Tuesday, 23 October 2012

Your guide to a thrifty Christmas



Thrifty doesn’t have to mean cheap, or at least not in the Scrooge sense of the word. It simply means getting the most for your money and at no time of year is that more valuable than Christmas.


Saving money at every opportunity prevents you from starting the New Year in debt, making for a much happier Christmas for all.

No matter how many bargains you manage to pick up, there will always be that must-have toy that your child wants above all else. For these, check out netvouchercodes.co.uk.

A Disney Store voucher code could save you twenty percent or more on high street prices. Keep looking for deals throughout the run up to the festive season. If you can’t find any for the item you are after and you are feeling brave, wait until Christmas Eve as many shops begin their sales early nowadays.

Alternatively, make a home-made voucher for your child entitling them to the gift they want plus a fun day out sales shopping in town with you including lunch at their favourite cafe.

Set yourself a budget and make sure you stick to it. The best way to do this is to make a list of everyone you need to buy for and tally it with the total amount you can afford to spend.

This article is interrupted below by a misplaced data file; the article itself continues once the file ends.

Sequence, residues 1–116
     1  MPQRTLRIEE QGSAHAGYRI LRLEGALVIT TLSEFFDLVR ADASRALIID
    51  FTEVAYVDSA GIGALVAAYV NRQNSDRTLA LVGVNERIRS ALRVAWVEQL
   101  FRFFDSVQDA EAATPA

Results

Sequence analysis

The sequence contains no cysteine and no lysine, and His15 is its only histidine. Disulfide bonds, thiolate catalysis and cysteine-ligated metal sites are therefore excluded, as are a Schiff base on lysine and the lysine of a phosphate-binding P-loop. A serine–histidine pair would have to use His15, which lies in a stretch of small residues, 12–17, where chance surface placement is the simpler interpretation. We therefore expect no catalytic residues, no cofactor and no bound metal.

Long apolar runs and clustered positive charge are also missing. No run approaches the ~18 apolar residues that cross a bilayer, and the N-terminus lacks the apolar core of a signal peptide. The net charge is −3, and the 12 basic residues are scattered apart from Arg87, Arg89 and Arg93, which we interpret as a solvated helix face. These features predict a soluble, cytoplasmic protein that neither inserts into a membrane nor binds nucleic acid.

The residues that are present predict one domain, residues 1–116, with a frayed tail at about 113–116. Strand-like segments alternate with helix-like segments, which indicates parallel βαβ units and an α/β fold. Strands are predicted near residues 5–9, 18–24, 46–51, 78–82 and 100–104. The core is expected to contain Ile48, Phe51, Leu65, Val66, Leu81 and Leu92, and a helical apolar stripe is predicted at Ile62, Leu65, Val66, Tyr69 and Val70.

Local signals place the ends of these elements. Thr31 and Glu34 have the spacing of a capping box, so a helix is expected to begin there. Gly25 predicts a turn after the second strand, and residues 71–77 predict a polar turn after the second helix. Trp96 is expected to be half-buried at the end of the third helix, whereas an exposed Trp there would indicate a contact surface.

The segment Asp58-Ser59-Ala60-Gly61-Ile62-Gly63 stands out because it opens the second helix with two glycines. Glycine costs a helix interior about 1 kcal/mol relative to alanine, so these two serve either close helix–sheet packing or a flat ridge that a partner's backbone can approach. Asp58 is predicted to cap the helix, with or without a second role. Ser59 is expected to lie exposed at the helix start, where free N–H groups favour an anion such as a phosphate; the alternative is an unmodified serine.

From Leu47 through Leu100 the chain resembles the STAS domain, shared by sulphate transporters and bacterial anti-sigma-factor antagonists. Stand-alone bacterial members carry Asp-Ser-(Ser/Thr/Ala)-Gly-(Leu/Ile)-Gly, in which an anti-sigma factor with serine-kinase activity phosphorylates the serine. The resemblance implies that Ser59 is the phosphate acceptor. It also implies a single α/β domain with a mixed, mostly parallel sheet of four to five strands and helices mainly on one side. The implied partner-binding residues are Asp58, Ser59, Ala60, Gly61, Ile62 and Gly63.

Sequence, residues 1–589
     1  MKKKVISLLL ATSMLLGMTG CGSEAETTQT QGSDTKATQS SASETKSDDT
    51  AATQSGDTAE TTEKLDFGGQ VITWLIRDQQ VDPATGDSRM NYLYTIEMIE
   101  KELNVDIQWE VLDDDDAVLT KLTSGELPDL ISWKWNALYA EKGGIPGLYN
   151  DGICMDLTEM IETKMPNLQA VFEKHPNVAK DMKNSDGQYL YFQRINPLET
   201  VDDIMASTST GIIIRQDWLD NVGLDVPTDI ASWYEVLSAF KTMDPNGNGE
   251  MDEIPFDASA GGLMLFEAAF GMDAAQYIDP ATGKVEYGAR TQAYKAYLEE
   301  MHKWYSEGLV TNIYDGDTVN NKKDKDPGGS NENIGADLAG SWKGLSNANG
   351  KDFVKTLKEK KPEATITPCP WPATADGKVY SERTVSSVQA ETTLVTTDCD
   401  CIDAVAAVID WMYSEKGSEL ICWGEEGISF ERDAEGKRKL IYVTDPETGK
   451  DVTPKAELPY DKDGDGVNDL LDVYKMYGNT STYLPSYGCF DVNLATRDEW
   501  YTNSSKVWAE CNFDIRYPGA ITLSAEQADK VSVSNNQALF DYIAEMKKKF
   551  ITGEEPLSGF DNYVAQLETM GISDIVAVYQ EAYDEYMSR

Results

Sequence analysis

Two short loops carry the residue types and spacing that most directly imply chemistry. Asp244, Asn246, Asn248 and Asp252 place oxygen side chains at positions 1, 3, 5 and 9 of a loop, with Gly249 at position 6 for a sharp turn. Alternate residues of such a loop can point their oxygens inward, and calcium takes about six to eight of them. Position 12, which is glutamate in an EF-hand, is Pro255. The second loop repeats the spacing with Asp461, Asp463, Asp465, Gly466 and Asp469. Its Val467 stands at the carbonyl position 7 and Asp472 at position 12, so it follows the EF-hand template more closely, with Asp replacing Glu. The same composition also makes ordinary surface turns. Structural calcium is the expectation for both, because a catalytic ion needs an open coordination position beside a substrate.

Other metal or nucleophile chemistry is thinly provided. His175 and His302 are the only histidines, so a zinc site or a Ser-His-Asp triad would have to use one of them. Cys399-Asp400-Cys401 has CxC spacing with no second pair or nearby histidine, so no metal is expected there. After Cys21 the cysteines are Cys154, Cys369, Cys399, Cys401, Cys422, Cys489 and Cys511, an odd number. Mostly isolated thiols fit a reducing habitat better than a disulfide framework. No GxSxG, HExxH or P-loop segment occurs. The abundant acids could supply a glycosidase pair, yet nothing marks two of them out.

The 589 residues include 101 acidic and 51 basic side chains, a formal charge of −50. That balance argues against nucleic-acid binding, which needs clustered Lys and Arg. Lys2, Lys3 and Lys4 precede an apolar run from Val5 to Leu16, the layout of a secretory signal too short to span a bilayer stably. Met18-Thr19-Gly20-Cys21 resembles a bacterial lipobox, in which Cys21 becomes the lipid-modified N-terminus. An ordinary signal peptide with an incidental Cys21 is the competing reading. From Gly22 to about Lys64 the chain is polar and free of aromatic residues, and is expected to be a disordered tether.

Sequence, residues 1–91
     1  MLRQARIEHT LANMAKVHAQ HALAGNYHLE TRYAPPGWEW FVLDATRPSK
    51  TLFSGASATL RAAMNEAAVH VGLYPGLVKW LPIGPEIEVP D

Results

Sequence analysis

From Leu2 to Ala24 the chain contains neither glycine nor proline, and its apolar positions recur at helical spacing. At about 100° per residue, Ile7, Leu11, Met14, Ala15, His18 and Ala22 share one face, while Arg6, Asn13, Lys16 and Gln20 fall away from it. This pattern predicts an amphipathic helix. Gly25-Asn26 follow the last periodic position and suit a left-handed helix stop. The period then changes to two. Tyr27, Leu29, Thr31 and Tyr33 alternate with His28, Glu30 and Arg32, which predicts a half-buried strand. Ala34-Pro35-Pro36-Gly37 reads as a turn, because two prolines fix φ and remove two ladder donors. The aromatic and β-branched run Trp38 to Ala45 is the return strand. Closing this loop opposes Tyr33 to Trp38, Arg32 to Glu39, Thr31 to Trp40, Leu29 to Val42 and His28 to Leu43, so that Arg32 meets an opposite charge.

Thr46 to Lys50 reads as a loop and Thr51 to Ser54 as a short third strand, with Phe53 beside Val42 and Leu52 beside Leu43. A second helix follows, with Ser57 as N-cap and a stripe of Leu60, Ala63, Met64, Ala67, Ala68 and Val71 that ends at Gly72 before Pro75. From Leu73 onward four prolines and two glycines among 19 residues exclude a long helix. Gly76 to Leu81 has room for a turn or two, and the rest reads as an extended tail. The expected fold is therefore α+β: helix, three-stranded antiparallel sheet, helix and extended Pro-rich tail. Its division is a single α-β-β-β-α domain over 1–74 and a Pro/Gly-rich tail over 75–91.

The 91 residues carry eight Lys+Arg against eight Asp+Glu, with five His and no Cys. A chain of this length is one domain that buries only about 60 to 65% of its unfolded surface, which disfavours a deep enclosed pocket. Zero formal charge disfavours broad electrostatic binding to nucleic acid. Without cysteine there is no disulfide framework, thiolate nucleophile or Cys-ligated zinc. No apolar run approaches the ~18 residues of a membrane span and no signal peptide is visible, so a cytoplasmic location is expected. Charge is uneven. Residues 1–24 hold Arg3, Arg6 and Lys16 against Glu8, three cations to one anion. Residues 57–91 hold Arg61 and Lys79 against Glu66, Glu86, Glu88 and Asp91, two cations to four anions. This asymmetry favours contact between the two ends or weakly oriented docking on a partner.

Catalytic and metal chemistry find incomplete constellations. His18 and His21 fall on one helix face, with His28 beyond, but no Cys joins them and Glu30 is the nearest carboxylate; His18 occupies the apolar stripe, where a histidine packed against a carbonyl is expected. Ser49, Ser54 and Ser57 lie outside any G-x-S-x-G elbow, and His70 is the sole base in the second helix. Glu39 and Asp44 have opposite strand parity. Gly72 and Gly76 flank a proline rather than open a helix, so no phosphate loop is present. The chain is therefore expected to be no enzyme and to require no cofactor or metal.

Try to decide what to get people before you hit the shops to save yourself from making pricey impulse buys. Once you know what you want to get, check out the internet for deals or price comparisons.


Home-made gifts are so much more personal than shop-bought presents. Bake cookies, make cards or put together a coupon book for a loved one full of promises for the new year, such as breakfast in bed, a great big hug or a commitment to washing the car once a month.

Many friends will be just as thrilled with a promise of babysitting for an evening than with a material gift. Make sure everyone knows your gifts are from the heart and try to make them as personal as possible.

One of the biggest areas of waste at Christmas time is food. Be realistic about just how much one family can eat and try to stick to foods everyone likes.

Sprouts and parsnips may be seasonal, but if your children only eat carrots and peas then they will just go to waste. Most supermarkets hike the prices of turkeys in the run up to the big day. Consider having a chicken or beef instead – they’re often tastier and will be a fraction of the cost.


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